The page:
Given the unforeseen and seemingly overnight successes of mobile services like ring tone downloads and picture messaging, the U.S. wireless industry's ongoing campaign to decipher the mobility habits of the highly coveted teen market could be fairly labeled a futile effort. Still, the ever-vigilant and never-satisfied wireless sector persists in trying to pry open the minds of teens and calculate what services might finally warrant the elusive designation of killer app.
A recent example is a report released in March by Telephia, a San Francisco-based provider of market research and network performance statistics to the wireless industry. The firm surveyed 1,500 mobile teens in the 35 largest U.S. markets and found that two-thirds of them already use some form of mobile data services. The study also identified mobile online gaming as the one application best poised to usurp camera phones and Jay-Z ring tones as the next must-have for teenagers.
According to Alex von Krogh, senior research editor for Telephia, 41 percent of teens surveyed expressed interest in having online gaming capabilities on their next wireless device. The ones who do are also already more lucrative customers for both wireless service providers and mobile handset manufacturers: The average mobile online gamer used 811 monthly minutes of use, nearly double that of teens who don't use the apps. Telephia also found that gamers paid $94 on average for their devices and reported a 65 percent satisfaction rating with their phones, while non-gamers paid an average of $71 and were less satisfied (50 percent).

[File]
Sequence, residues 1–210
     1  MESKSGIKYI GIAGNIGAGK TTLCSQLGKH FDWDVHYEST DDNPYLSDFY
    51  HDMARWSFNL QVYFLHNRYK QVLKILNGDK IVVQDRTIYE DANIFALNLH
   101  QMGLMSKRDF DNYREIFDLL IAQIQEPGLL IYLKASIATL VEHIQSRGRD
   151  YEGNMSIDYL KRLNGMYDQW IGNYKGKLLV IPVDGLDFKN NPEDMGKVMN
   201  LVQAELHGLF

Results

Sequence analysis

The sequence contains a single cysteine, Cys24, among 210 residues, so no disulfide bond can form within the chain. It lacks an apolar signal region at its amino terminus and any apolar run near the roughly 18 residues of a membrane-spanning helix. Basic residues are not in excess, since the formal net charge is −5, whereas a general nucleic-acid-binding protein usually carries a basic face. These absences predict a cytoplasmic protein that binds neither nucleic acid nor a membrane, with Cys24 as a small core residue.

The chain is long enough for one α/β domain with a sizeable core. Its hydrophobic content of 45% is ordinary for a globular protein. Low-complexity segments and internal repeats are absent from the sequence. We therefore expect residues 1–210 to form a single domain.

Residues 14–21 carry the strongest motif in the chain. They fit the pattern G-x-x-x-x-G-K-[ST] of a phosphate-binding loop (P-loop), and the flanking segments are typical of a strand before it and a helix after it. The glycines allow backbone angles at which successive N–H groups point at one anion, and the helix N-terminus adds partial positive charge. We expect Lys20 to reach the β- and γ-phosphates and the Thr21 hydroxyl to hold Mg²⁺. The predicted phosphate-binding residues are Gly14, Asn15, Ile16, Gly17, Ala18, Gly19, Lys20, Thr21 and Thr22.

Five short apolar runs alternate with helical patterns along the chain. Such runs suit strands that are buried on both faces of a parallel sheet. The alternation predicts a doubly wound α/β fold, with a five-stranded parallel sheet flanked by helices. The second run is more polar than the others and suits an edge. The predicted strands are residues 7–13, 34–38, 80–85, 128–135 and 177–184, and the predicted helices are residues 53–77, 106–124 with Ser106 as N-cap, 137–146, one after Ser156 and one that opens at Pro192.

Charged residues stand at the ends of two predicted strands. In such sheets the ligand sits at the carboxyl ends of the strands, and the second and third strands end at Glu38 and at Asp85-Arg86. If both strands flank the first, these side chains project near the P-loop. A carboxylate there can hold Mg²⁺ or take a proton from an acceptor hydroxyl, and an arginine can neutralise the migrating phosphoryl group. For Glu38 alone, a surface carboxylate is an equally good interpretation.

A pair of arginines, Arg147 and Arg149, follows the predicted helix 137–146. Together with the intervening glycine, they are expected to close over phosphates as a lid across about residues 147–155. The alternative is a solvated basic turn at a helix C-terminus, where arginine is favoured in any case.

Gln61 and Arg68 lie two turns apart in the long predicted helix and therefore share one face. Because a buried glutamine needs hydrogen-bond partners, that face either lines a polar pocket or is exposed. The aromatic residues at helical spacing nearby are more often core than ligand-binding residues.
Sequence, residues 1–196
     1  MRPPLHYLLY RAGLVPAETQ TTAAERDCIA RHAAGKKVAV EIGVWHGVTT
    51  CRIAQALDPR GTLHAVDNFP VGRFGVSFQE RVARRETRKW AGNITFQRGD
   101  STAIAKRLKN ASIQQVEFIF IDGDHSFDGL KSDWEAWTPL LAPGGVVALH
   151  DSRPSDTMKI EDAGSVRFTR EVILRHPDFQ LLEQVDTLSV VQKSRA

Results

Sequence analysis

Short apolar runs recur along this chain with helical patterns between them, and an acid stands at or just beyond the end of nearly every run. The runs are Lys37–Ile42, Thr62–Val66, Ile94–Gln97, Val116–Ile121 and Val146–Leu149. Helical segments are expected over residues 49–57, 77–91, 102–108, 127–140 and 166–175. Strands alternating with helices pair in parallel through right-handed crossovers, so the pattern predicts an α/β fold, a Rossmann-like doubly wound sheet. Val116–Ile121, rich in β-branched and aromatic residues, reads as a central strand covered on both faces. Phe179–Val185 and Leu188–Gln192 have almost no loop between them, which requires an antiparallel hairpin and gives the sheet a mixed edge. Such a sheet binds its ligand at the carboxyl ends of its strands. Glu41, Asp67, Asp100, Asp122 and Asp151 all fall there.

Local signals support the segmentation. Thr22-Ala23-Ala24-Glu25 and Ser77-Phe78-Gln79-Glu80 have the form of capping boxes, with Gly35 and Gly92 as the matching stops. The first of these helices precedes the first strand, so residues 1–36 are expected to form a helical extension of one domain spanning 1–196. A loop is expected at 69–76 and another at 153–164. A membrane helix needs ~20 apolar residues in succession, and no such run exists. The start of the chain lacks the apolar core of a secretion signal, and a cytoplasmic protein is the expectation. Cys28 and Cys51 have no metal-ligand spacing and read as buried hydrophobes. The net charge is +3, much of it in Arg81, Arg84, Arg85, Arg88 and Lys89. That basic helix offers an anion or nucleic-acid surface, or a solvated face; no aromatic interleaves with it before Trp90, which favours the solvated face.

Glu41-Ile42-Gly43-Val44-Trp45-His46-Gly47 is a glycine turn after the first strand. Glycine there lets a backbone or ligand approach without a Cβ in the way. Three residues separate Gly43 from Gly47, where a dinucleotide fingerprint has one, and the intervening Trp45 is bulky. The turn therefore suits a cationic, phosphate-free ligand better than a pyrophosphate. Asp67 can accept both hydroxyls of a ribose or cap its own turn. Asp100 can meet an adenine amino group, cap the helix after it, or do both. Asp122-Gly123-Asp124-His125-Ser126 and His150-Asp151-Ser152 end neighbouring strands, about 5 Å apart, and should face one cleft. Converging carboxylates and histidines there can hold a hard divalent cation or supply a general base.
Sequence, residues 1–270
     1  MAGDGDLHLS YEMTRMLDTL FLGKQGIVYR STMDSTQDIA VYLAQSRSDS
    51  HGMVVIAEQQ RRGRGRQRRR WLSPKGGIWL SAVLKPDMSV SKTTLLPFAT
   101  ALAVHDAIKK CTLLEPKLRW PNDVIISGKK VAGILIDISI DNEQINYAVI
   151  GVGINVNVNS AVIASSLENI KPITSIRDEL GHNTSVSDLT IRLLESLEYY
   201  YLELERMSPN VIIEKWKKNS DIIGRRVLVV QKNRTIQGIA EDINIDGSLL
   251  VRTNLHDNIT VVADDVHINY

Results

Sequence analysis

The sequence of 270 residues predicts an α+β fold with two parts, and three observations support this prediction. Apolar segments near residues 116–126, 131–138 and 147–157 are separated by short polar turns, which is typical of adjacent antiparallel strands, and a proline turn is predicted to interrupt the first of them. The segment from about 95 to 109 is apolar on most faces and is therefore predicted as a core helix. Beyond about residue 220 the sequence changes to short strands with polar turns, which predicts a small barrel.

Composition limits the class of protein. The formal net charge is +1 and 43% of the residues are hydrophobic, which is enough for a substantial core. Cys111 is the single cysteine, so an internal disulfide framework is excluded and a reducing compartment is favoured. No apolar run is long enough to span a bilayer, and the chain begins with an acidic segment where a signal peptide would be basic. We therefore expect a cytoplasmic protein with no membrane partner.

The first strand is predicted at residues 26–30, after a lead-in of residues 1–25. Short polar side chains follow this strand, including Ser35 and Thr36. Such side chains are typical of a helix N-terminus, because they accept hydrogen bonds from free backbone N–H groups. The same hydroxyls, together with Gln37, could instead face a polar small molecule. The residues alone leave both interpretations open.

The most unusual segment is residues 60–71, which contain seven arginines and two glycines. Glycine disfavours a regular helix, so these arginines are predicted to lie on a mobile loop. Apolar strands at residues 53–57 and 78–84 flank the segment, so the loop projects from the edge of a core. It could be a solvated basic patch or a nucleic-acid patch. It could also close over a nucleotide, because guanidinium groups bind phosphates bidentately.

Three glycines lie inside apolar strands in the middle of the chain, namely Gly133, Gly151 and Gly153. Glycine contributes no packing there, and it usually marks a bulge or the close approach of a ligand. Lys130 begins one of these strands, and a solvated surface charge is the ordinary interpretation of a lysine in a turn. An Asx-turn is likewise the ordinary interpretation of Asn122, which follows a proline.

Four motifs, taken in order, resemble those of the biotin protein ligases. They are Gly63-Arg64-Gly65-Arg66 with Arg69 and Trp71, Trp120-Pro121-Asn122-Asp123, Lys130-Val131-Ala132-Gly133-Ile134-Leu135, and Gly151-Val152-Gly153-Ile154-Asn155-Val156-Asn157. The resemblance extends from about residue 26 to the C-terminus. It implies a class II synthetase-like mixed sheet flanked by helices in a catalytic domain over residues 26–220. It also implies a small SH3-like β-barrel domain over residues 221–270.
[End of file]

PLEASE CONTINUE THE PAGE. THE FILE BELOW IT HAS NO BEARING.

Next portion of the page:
There's a pretty big upside, von Krogh says. Gaming represents a high-growth application and an opportunity to drive adoption and boost ARPU.
Telephia's hypothesis looks strong, if the recent Wireless 2004 trade show held in Atlanta by the Cellular Telecommunications & Internet Association is any indication. For the first time ever, network technology and even the health of the high-tech industry took a backseat and entertainment applications, content usage and handsets priced and designed for younger users dominated both the exhibitions and buzz on the show floor.
Telephia's study is part of the firm's new focus on the teen market. Its Mobile Teen Report, based on a dedicated survey of those 1,500 mobile teens and 1,100 parents of mobile teens, will be produced semi-annually, and track growth metrics like average revenue, penetration, churn and quality of service, von Krogh says.